Rents across our area have been rising exponentially over the past year, with SQM Data showing the median apartment rent on the Upper North Shore lifting almost 30% since this time last year.

While the new NSW government has announced measures aimed at alleviating the housing shortage (including fast-tracking many developments with at least 15% social housing), we expect that the pace of building is unlikely to meet the growing demand.

The result is likely to be that house prices and rents may climb further, even in the face of rising interest rates.

Want more?

Thinking of buying, selling or renting on Sydney’s Upper North Shore, including Ku-Ring-Gai and Hornsby Shire? Get in touch.

Limited supply spurring competition among highly motivated buyers

The current NSW property market presents vendors with a notable advantage due to historically low listing numbers. With high demand driving buyer competition, selling conditions have strengthened, evident through above-average clearance rates, faster selling times, and reduced negotiation. Nationally, the total number of homes for sale is tracking 28% below the usual levels, creating an opportunity for potential vendors to list their properties now rather than waiting for the traditional spring surge in activity.2

Although we’ve yet to see full confidence return to the market, certain buyer demographics are still highly motivated to enter the market. With low levels of advertised stock, rising clearance rates, and higher property values, buyer concern about missing out on great opportunities could become more pervasive. Additionally, as demand grows due to strong overseas migration and tight rental markets, some renters are expediting their purchasing decisions. The pool of available properties for buyers is currently the smallest it has been in over a decade, amplifying the sense of urgency.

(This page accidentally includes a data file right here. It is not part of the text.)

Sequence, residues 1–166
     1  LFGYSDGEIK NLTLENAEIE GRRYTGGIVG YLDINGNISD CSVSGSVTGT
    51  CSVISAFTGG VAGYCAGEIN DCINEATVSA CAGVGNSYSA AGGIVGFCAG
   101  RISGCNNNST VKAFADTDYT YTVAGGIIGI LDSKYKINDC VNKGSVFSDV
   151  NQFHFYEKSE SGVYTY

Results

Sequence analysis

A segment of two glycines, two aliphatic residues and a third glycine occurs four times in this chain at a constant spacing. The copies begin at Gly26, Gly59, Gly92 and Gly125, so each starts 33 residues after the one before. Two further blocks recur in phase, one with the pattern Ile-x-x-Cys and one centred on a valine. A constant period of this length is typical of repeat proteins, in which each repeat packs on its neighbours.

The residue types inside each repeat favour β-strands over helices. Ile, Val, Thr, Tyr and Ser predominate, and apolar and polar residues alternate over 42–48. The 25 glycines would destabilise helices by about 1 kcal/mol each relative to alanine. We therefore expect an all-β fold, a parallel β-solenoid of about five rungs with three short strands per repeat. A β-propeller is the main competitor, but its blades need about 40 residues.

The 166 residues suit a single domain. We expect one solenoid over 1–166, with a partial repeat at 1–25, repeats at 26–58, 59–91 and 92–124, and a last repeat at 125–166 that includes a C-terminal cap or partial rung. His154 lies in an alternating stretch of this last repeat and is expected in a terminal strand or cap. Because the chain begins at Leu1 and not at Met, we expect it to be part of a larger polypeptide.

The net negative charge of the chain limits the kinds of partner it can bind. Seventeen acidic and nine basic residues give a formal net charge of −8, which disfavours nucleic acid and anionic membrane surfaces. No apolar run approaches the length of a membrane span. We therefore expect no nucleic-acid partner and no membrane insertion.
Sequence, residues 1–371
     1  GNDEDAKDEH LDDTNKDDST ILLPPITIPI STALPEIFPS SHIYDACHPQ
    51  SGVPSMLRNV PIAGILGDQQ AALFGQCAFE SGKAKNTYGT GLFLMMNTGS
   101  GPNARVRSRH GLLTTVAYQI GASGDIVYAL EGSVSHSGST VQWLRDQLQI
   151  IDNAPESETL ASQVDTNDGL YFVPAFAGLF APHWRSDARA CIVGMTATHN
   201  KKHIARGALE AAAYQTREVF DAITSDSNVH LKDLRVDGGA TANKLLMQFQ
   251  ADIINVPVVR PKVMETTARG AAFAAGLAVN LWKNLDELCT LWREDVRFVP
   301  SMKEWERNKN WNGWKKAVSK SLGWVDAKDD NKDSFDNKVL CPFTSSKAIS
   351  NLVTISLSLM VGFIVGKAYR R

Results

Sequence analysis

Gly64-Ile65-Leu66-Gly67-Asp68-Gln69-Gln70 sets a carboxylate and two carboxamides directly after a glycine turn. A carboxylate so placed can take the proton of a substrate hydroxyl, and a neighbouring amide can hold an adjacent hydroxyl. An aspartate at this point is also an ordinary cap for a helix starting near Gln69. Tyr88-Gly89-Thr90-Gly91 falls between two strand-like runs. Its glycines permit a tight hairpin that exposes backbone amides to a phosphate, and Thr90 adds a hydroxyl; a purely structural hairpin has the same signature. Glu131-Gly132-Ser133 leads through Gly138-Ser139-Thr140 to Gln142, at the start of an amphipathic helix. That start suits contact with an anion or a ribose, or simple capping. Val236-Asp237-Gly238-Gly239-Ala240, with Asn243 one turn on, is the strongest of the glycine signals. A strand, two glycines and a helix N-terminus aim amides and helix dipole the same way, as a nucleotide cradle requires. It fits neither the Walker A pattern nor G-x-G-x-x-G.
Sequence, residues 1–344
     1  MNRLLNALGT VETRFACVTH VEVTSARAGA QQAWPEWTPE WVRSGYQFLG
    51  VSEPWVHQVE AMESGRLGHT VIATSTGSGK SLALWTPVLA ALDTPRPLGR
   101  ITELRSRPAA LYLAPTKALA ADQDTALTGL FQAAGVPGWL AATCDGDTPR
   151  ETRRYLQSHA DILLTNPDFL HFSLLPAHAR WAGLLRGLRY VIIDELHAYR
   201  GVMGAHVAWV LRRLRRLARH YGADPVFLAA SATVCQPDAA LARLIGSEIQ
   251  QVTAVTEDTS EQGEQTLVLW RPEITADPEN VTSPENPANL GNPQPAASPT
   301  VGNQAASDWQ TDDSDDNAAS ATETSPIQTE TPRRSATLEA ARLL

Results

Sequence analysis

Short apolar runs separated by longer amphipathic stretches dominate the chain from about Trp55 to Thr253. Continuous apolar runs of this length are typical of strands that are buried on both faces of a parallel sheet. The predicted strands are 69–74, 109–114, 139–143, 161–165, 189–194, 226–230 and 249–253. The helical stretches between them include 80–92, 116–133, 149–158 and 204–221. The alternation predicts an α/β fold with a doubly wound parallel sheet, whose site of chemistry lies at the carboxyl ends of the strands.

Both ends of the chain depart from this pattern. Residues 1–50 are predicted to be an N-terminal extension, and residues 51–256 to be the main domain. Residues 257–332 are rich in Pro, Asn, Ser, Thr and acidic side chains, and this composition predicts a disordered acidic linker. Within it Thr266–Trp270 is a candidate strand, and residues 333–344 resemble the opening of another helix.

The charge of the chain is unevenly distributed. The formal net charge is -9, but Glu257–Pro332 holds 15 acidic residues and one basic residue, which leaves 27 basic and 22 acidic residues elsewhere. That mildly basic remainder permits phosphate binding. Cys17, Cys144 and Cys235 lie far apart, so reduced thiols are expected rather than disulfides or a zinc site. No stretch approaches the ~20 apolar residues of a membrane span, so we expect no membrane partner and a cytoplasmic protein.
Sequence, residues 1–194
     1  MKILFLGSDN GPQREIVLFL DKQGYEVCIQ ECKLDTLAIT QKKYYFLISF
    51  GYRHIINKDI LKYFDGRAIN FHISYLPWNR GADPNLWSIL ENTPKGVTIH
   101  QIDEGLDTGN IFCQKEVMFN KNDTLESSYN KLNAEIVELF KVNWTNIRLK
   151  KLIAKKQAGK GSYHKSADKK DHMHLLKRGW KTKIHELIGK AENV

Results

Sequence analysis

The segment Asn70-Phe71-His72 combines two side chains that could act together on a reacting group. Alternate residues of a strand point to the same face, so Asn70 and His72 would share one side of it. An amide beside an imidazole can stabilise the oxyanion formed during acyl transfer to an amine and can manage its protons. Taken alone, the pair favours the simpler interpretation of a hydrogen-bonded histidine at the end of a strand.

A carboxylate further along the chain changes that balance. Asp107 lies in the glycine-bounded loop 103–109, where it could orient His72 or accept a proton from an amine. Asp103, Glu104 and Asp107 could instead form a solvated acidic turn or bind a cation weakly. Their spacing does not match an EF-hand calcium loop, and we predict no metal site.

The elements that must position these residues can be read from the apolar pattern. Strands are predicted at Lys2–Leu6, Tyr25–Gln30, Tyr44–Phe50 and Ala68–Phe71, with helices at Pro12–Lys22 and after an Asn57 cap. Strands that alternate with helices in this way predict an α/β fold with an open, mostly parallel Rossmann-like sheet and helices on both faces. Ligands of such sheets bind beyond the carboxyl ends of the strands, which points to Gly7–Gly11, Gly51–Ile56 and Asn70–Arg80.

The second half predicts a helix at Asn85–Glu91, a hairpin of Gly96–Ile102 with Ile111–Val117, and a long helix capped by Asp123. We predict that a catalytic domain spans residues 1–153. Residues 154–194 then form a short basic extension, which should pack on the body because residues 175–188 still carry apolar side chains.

Clearance rates remaining high

We’ve seen auction clearance rates consistently hitting 70% or higher in recent weeks, and property volumes are gradually increasing when they would typically start to decline. These trends, coupled with the upward pressure on housing values, suggest that the market is gaining momentum as we head into winter, rather than slowing down as it normally would. Stronger clearance rates, along with faster selling times for private treaty sales and reduced discounting rates indicate that sellers are regaining leverage in negotiations.

Interest rates and consumer sentiment are still a challenge

However, prospective buyers will continue to face hurdles this year, with relatively high interest rates and stringent loan assessment criteria. Moreover, low consumer sentiment levels may dampen the current exuberance of the market, and a significant lift in property activity may not occur until there is a broader improvement in consumer sentiment.

Economic uncertainty may lead to wavering confidence

Mixed forecasts by economists regarding interest rates contribute to uncertainty and lower consumer confidence levels. Some suggest there may be another pause in interest rate hikes, which could boost consumer spirits and drive an increase in buyer and selling activity, as lower interest rates typically serve as a catalyst for a further uptick in housing values. However, rate cuts are not anticipated in the near future, and there is even speculation of at least one or two further rate increases before the year is out. Nevertheless, any perceived economic stabilisation is likely to prompt increased buyer and seller activity.

Mortgage repayments expected to remain stable

While many economists are anticipating an increase in motivated selling and mortgage arrears in the short to medium term, most homeowners are expected to firmly prioritize mortgage repayments as economic pressures mount. Coming off record-low rates, banks reported 90-day arrears rates of around 0.5% to 0.6% by the end of 2022.3 Although this benchmark is projected to rise, most pundits predict that homeowners will cut back on discretionary spending rather than miss mortgage repayments or resort to selling their homes.

Looking ahead

While spring is historically a season marked by new listings and sales transactions, last year did not see the usual surge in activity and there appears to be a marked shift towards a strong winter season. Despite the current economic climate, our property markets continue to show resilience and promise for sellers. Limited competition, rising prices, high clearance rates, and buyer motivation contribute to a favourable selling environment, and we may see further activity as accumulated supply from potential sellers who have been holding back enters the market.

Such an increase in advertised supply could put pressure on property values and clearance rates as more homes become available, and high interest rates and low consumer confidence are also likely to have a continued impact on our markets. But by leveraging the opportunities open to them, understanding market dynamics and seeking expert advice from their trusted real estate agent, I believe vendors can make well-informed decisions and maximize their chances of success in the current winter market.